Fed Links Policy to Threshold Unemployment and Inflation Rates
The Federal Reserve ties future monetary policy tightening to specific unemployment and inflation rates and expands quantitative easing.
By Steve Van Order, Fixed-Income Strategist, Calvert Investment Management, Inc.
On Wednesday, December 12, the Federal Open Market Committee (FOMC) announced that it will link future moves to tighten monetary policy to threshold levels of unemployment and inflation.This is a landmark change in how the Federal Reserve (Fed) will communicate expectations for future monetary policy. Since the financial crisis of 2008 to 2009, the Fed had been providing approximate timeframes for its ultra-low interest rates and quantitative easing(QE), so the connection with specific levels of unemployment and inflation will likely remove some uncertainty for financial market participants.
The FOMC also stated that the Fed will buy $45 billion in Treasury securities per month starting in January 2013. This new QE program will take the place of “operation twist,” which ends this month and involves the Fed selling short-maturity Treasuries and using the proceeds to buy longer-term Treasuries.
Fed Further Changes Policy Principles
The 1978 Humphrey-Hawkins (H-H) legislation established the Fed’s “dual mandate” objectives of pursuing policies that create both price stability and maximum employment. But until the recent monetary policy cycle, in practice the Fed focused almost entirely on price stability. In the context of the H-H legislation passage as the U.S. price inflation rate approached its historical high in 1980, that focus was understandable. For about a generation, then, the Fed successfully focused on taming inflation.
Over the last decade, with inflation quiet, the Fed has moved more toward a balanced approach to the two mandate objectives. This move accelerated as a result of the high unemployment and great excess capacity in the economy that the financial crisis created. The FOMC’s January 2012 annual statement of principles and long run goals of monetary policy clarified this pursuit of monetary policy balanced to achieve the two mandate objectives.
In this context, it’s easier to understand the FOMC’s adoption of a 6.5% unemployment rate threshold and a 2.5% inflation rate threshold that, if approached, would increase the probability of a Fed tightening. Chicago Fed President Charles Evans was the first FOMC official to publicly propose such a dual-threshold rule. Importantly, these levels of unemployment and inflation are not targets, but thresholds to help guide market expectations through the next stage of this monetary policy cycle. The Fed still has a 2% long-run target for the core inflation rate but specifies no long-run target measure for the labor market except for a goal of “maximum employment.”
Fed to Buy More Treasuries as Part of QE
In addition to the policy thresholds, the FOMC also announced new Treasury bond purchases that will start in January at a monthly rate of $45 billion. These Treasuries will have an average duration1 of about nine years, which is similar to the net duration result from operation twist. This new QE program is in addition to the $40 billion a month in mortgage-backed securities (MBS) that the Fed already buys. On an annualized basis (not counting reinvestment of principal) these two programs will result in the Fed buying over $1 trillion in government-backed bonds in 2013, which will increase the central bank’s balance sheet to about $4 trillion—nearly 25% of U.S. nominal GDP.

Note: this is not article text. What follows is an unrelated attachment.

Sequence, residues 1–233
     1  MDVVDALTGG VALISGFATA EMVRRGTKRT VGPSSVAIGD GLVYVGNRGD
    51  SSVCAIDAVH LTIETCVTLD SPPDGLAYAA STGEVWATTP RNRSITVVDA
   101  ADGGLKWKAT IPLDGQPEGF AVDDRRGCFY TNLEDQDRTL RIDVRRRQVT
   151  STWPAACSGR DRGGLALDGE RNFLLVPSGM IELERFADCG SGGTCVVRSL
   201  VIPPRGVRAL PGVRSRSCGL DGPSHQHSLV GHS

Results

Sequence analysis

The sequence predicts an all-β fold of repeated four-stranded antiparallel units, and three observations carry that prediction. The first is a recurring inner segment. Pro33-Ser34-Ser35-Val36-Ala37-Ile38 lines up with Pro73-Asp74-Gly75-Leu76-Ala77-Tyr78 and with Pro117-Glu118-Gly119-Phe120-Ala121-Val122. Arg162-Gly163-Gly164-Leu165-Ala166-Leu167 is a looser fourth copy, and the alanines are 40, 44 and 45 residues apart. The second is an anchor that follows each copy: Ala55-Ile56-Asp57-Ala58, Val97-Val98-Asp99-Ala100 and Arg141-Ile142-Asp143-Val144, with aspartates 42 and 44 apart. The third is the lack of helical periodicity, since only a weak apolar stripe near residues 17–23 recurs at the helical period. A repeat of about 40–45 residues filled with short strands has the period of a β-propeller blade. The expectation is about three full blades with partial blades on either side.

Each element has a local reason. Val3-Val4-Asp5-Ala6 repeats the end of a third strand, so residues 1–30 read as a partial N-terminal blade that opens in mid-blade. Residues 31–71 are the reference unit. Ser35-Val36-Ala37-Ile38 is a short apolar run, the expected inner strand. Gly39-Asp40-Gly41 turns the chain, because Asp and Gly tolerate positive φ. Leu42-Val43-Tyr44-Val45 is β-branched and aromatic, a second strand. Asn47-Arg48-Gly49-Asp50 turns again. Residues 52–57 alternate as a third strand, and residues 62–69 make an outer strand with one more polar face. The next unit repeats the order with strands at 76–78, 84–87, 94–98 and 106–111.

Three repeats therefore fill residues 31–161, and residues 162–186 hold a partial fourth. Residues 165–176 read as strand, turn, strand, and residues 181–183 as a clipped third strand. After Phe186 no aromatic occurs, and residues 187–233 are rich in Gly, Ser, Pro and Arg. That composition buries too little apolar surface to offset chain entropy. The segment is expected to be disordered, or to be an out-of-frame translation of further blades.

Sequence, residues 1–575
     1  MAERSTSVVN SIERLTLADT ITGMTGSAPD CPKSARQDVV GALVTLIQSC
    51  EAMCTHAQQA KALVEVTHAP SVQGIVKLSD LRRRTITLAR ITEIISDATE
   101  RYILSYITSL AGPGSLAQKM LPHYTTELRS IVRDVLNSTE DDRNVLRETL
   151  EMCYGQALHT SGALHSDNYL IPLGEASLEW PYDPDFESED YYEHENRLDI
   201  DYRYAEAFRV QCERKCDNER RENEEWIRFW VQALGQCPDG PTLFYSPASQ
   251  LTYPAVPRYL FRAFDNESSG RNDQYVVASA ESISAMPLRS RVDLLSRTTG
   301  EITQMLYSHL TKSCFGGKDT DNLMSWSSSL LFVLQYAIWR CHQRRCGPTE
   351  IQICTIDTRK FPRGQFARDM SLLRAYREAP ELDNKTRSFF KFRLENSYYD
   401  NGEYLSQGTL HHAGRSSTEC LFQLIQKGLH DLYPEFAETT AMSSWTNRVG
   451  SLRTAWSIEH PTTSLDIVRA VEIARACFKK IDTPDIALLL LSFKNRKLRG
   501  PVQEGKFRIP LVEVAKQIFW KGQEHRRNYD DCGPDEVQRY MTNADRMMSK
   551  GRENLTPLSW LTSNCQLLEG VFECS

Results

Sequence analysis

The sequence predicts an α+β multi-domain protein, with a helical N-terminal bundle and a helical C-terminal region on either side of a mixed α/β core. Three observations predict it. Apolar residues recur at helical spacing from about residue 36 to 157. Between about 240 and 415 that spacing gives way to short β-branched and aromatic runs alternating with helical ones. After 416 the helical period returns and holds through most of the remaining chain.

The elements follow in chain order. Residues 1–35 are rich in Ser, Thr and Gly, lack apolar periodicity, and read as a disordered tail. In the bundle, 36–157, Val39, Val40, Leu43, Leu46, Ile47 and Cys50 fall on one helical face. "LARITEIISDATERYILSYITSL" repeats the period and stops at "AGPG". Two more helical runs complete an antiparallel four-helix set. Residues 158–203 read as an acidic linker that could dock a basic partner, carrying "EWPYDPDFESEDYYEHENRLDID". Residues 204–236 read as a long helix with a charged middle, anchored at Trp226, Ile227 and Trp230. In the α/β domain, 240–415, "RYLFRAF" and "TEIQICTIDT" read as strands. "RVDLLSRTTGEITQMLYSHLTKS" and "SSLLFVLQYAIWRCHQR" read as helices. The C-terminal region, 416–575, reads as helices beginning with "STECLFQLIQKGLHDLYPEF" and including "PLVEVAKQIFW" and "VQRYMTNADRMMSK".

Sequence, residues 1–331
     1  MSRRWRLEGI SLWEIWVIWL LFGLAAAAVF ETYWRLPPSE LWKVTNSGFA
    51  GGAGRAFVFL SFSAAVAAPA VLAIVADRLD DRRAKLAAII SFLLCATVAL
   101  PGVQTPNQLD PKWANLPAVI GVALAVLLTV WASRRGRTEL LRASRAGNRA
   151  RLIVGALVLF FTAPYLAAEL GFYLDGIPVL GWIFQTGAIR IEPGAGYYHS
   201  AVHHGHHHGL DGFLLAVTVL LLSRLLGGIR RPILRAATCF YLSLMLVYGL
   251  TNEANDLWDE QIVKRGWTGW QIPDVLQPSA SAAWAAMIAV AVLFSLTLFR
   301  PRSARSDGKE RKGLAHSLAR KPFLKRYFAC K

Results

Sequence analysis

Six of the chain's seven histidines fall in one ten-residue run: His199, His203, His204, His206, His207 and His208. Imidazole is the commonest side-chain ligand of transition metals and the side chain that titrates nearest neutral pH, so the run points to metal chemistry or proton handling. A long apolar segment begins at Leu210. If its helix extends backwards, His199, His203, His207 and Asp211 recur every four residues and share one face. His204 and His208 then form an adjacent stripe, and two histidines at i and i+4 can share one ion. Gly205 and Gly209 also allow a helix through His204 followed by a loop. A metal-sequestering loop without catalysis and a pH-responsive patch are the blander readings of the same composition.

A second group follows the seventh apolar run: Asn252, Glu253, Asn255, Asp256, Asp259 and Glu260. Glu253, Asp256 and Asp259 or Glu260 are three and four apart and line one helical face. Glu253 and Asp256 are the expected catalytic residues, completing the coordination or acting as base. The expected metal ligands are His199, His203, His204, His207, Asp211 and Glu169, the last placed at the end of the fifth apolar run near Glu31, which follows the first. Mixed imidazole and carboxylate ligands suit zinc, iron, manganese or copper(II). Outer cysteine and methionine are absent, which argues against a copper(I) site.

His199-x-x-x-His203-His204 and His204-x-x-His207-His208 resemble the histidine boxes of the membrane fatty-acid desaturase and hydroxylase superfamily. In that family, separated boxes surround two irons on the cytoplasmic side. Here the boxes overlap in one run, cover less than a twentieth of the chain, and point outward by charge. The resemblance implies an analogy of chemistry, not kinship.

The Fed’s purchases of $1 trillion in government-backed bonds in 2013 will likely create a large negative net supply situation in taxable bonds denominated in U.S. dollars. By removing such a large amount of Treasuries and MBS from the market, the QE initiatives will likely cause investors to continue to move into other types of taxable debt, such as corporate bonds, pushing yield spreads2 narrower in those other asset classes. We also anticipate that the Fed’s QE buying will likely prevent the current very low Treasury yields from moving significantly higher in 2013 and should also dampen interest rate volatility, although there could still be an occasional uptick in volatility.
1. Duration measures a bond’s sensitivity to changes in interest rates. Generally, the longer the duration, the greater the change in value in response to a given change in interest rates.
2. Yield spreads measure the difference in yield between a non-Treasury bond and a Treasury security with a comparable maturity.
This commentary represents the opinions of its author as of 12/18/12 and may change based on market and other conditions. The author’s opinions are not intended to forecast future events, guarantee future results, or serve as investment advice. The statistics have been obtained from sources believed to be reliable, but the accuracy and completeness of this information cannot be guaranteed. Neither Calvert Investment Management, Inc. nor its information providers are responsible for any damages or losses arising from any use of this information.
Calvert Investment Management, Inc., 4550 Montgomery Avenue, Bethesda, MD 20814